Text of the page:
Department: Editor's Memo
As 2019 comes to a close, thoughts about 2020 are suddenly prominent in our minds. As per tradition, many people will make resolutions for the New Year, firmly declaring to do or not to do something that is important in their lives. You review the past 12 months and wonder what the coming 12 months have in store. How fitting and encouraging that on January 16, 1988, Michael Jackson's recording of Man in the Mirror was released; it became a number-one hit. I remember the collective roar around the globe, particularly embellished by my teenage daughter.
The lyrics speak about looking at yourself in the mirror and deciding that you are going to change your ways, make a difference, make it right, and make the world a better place. The deeper message was not to merely look at your physical reflection in the mirror but to also look inside yourself to discover who you are, decide what you liked and did not like, and start there with a change. A video of this song is available on YouTube.1 The video uses snippets of Jackson performing Man in the Mirror on different occasions, interlaced with photos and videos of universal conditions of human suffering, intense reactions from fans in concert audiences, and world leaders who believed in and fought and died for change, with the now famous track playing in the background. Because of the genre of music, it was years later that I finally heard beyond the beat of the music and listened to the words of the song and understood their meaning. Profound and genius!
A synonym for profound is reflective, and many events and people have the ability to trigger you to reflect. The month of December is a time to reflect upon events that happened during 2019 as well as relationships with other people; some might have stirred intense emotions and prompted you to question “Who? What? When? Where? Why? and How?” Unfortunately, answers are not always straightforward or evident. Situations may have been inside or outside of your control. Personal successes and challenges during 2019 may prompt an inherent drive toward stability, meaning something has to change. That change can be small and personal or larger with a more global reach.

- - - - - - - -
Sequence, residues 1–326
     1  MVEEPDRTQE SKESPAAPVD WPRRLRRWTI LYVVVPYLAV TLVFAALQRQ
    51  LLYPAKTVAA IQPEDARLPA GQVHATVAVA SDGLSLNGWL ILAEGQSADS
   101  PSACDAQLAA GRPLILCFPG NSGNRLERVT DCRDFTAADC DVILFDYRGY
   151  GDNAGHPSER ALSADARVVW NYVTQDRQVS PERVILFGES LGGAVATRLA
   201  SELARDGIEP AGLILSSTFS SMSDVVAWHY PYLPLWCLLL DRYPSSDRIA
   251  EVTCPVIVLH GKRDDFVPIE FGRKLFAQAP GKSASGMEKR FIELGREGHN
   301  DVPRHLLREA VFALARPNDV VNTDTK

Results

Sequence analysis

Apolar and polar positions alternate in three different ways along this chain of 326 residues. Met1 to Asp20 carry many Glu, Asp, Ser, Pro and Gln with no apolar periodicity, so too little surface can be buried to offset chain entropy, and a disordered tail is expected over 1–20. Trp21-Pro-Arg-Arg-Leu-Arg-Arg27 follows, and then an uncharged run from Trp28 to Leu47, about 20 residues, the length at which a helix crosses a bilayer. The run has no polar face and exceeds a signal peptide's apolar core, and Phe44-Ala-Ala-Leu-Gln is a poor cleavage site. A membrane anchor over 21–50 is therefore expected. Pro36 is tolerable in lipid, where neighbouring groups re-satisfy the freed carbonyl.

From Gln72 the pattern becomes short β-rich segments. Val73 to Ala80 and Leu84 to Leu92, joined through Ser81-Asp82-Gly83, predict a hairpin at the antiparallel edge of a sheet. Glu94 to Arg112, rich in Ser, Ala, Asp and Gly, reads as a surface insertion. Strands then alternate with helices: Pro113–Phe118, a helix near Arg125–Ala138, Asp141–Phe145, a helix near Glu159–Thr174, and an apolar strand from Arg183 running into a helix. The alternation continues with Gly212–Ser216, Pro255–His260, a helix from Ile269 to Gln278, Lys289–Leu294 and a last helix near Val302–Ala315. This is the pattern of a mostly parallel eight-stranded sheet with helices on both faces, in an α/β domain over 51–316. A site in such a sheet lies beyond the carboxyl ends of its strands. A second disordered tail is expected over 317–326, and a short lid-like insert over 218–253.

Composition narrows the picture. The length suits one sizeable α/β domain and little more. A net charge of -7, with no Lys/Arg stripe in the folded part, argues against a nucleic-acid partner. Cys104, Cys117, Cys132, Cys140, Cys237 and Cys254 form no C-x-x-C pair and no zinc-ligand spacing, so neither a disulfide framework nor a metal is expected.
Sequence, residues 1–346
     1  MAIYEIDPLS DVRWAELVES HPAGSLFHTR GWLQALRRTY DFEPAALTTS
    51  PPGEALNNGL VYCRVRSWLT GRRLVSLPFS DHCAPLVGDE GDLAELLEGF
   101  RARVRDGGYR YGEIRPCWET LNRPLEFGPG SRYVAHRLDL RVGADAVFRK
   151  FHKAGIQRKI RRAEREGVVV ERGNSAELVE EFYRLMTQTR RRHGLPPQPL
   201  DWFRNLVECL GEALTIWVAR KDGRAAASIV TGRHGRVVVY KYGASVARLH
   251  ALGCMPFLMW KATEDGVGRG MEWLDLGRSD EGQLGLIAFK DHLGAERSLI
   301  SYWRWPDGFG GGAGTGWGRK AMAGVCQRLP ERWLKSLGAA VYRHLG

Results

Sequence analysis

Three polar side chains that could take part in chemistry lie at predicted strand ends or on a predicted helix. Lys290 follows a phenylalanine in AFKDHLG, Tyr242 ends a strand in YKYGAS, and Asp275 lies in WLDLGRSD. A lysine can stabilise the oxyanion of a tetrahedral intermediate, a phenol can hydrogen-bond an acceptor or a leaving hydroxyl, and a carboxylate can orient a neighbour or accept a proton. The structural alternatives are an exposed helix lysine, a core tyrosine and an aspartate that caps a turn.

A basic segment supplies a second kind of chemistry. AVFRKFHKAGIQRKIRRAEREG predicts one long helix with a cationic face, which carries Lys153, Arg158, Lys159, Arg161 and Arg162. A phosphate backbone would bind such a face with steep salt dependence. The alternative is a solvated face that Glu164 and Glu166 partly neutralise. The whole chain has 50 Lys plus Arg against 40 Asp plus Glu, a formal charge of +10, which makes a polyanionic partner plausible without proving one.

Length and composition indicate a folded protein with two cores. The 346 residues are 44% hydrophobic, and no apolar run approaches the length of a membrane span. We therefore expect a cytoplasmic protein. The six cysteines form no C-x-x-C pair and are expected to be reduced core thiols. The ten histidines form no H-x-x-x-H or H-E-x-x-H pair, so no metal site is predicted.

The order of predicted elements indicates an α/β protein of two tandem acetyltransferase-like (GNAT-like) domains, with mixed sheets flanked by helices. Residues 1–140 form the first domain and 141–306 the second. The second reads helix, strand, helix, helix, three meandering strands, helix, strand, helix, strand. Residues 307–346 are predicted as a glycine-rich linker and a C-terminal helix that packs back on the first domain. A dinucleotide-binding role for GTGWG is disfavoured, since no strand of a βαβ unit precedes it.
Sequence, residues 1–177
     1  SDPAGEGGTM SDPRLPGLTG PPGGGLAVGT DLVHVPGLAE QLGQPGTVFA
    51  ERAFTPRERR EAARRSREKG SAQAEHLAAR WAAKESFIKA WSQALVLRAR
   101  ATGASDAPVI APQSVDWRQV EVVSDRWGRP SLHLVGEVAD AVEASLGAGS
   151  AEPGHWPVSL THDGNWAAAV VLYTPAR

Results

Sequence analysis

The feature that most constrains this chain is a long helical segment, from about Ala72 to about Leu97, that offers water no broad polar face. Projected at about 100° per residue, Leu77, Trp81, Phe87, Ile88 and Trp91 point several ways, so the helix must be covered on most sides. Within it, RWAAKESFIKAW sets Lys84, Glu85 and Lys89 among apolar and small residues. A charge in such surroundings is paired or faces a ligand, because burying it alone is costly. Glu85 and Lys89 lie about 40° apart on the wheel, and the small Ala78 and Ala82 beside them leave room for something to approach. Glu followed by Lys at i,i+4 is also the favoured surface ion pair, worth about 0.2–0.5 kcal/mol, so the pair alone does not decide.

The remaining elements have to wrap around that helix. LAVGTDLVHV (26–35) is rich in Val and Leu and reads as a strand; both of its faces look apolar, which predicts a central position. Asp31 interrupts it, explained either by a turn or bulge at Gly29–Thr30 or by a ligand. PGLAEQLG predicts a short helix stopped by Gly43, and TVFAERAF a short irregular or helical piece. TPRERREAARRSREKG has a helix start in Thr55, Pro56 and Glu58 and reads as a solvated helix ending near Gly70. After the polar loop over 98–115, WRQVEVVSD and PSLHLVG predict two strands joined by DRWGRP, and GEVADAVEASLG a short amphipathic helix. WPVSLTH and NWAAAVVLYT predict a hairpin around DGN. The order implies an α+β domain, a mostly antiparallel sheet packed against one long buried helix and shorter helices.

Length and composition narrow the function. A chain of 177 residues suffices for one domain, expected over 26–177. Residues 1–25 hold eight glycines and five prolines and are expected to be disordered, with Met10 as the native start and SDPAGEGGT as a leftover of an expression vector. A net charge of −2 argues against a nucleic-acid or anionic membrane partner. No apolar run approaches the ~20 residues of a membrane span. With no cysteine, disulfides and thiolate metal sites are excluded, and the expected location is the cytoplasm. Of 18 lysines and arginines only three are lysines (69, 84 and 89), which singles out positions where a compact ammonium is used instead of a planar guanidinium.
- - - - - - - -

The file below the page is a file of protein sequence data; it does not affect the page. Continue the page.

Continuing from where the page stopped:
Looking for change
With a major national election cycle approaching in November 2020, opportunities to become involved are at every level—local, state, and national. There is no contribution of time or resources that is too small. NPs still have legislative hurdles to overcome in many states for full-practice authority. Nursing school applicants are still being turned away because there are not enough faculty members to teach them or clinical sites and preceptors to train them.
The uninsured, underinsured, vulnerable populations are counting on your knowledge, clinical expertise, and advocacy to help them achieve improved health outcomes. Poverty, hunger, disease, and/or war are compromising the health of innocent people in all countries, including the US. Personal greed and corruption are weakening governments worldwide. The reasons to care, causes to resist, and barriers to overcome are plentiful. We all are the “man in the mirror,” and the task is to look inside yourself and discover how you can help make the world a better place through the use of self. Let 2020 be a year of change for you.
Happy New Year to all my nursing colleagues!
Jamesetta A. Newland, PhD, FNP-BC, FAANP, DPNAP, FAAN